Getting to Know Your New Customer

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  • 0:00 Knowing Your Customers
  • 1:19 Learning About Your Customers
  • 2:15 Evaluating Feedback
  • 3:12 Lesson Summary
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Lesson Transcript
Instructor: Tara Schofield

Tara has a PhD in Marketing & Management

How can you be sure you're giving your customers the product and/or service they want? Getting to know your customers can help you know what they want, how to improve your business, and increase customer loyalty.

Knowing Your Customers

Customers are the lifeblood of your business. Getting to know your customers, including who they are and what they want, can be the difference between a company that struggles and one that is wildly successful. When customers feel appreciated and connected to your business, they'll support it by returning for future purchases and recommending you to their friends and family.

Imagine there are two new similar pizzerias in your neighborhood. Because you love pizza, you plan to go to both shops in the next week to see which one you prefer. You go to the first shop and find its pizza to be delicious. The flavors are well balanced, the servings are generous, and the prices are pretty low. However, the employees and owner are rude and don't care what you think of their pizza.

The next day you try the second shop, which is bright and attractive. While the prices are higher, you find the pizza to be as tasty. But what really catches your attention is the owner's interest in your opinions. The owner tries to understand what you want and like in your pizza, and welcomes your suggestions for the pizza shop. The owner demonstrates a desire to connect with you. As a result, you feel appreciated and loyal to the second shop. The higher prices don't bother you because you know you're getting a quality slice of pizza from someone who really cares about you as a customer.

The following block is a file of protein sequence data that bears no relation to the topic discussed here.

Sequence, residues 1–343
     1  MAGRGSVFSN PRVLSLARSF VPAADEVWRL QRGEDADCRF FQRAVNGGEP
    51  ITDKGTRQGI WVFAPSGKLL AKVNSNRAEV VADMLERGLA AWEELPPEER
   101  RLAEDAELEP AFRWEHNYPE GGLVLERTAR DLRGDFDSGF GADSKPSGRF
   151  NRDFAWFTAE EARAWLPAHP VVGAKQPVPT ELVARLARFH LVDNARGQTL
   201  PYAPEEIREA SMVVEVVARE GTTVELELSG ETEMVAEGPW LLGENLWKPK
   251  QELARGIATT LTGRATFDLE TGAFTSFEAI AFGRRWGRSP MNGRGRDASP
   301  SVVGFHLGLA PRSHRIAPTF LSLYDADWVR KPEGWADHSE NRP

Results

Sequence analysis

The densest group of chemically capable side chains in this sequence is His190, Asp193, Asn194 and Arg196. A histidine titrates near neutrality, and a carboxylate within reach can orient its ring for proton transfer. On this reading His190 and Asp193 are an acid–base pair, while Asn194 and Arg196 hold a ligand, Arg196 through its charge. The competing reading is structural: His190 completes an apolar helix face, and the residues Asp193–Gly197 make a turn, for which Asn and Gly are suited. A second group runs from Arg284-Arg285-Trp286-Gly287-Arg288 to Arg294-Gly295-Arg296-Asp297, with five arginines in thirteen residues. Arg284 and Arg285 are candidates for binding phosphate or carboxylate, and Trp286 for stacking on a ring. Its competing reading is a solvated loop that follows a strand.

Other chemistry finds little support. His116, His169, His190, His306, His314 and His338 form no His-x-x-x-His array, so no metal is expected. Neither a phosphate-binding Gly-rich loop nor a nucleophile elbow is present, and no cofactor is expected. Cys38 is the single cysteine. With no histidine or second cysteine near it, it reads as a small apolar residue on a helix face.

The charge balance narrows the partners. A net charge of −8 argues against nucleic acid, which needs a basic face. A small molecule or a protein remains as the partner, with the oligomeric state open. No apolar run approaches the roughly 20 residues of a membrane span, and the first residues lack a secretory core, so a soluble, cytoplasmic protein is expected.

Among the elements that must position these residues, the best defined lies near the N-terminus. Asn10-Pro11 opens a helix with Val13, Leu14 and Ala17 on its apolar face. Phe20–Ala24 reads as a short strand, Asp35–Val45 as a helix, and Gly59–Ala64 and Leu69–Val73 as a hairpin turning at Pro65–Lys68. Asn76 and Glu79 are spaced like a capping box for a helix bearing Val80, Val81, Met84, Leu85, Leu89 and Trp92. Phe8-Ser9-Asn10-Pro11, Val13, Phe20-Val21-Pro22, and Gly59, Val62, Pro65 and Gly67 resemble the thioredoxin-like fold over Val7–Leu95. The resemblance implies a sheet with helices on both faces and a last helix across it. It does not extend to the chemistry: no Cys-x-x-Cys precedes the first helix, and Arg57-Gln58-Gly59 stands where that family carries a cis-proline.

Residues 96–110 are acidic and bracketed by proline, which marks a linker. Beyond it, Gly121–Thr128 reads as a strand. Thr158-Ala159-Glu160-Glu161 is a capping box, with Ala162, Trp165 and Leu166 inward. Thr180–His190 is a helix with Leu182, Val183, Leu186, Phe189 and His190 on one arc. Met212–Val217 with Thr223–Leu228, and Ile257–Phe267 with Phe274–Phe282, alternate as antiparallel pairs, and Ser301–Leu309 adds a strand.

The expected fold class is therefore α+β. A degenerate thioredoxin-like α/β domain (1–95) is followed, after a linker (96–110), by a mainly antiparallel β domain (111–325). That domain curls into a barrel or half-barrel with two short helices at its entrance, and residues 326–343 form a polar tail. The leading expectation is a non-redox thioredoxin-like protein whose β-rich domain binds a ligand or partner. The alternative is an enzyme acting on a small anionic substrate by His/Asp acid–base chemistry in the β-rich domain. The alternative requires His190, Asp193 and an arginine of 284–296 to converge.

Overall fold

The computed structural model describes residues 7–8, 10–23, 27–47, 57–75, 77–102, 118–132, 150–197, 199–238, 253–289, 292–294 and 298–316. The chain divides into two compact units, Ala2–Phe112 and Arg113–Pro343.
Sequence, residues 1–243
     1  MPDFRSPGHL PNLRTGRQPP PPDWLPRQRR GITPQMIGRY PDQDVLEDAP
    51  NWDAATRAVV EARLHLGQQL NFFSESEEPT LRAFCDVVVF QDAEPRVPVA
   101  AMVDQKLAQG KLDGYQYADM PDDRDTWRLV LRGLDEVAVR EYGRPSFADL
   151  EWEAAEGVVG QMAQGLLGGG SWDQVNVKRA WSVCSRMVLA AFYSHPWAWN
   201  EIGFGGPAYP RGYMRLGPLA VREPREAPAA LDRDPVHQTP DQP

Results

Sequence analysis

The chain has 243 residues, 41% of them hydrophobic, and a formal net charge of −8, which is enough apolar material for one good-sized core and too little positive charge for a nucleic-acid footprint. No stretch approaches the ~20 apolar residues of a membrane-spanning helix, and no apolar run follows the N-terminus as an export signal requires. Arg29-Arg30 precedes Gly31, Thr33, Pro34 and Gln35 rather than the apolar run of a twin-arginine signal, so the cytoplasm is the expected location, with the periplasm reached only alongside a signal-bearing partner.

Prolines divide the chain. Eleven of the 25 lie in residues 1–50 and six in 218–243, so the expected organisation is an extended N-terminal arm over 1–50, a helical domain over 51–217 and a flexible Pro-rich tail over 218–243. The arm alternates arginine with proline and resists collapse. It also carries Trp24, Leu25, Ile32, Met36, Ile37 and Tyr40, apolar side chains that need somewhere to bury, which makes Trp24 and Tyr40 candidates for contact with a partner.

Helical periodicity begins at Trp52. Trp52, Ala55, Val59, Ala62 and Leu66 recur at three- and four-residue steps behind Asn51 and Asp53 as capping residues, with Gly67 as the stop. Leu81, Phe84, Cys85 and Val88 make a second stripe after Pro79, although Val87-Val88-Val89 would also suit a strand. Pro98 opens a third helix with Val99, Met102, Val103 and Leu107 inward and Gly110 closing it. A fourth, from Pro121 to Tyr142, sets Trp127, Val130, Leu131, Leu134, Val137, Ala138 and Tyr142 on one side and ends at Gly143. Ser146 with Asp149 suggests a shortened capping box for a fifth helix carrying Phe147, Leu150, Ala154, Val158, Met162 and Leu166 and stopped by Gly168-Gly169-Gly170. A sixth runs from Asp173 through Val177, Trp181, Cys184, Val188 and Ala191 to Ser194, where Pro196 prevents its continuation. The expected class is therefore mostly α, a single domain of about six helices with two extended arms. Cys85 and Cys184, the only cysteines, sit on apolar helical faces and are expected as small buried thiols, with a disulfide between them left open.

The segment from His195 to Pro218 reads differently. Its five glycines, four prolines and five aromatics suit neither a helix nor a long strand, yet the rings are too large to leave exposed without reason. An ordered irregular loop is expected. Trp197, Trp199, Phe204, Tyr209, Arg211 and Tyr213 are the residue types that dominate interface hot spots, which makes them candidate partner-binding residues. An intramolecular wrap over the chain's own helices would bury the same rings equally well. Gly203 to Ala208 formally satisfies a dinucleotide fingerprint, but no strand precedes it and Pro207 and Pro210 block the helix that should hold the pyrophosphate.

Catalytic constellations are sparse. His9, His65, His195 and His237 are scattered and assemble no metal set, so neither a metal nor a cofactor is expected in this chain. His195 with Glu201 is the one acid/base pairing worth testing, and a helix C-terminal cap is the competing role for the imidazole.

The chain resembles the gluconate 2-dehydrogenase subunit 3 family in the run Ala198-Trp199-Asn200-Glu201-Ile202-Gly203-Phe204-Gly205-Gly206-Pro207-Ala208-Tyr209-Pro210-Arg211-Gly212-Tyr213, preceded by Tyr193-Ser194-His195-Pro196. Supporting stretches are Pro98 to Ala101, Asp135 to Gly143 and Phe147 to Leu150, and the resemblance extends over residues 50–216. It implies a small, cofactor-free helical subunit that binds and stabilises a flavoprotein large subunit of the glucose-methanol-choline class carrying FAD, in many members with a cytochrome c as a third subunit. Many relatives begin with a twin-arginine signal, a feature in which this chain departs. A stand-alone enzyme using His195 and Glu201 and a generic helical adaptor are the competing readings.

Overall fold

Learning About Your Customers

Collecting and analyzing opinions is one way to learn about your customers. As in the previous example, you can do this by asking customers questions and engaging them in conversation. Some businesses conduct focus groups, where a random group of people is brought together and given a chance to experience the business' offerings before giving neutral feedback. For example, they may be given pizza, shown pictures of the pizzeria, and then asked for input.

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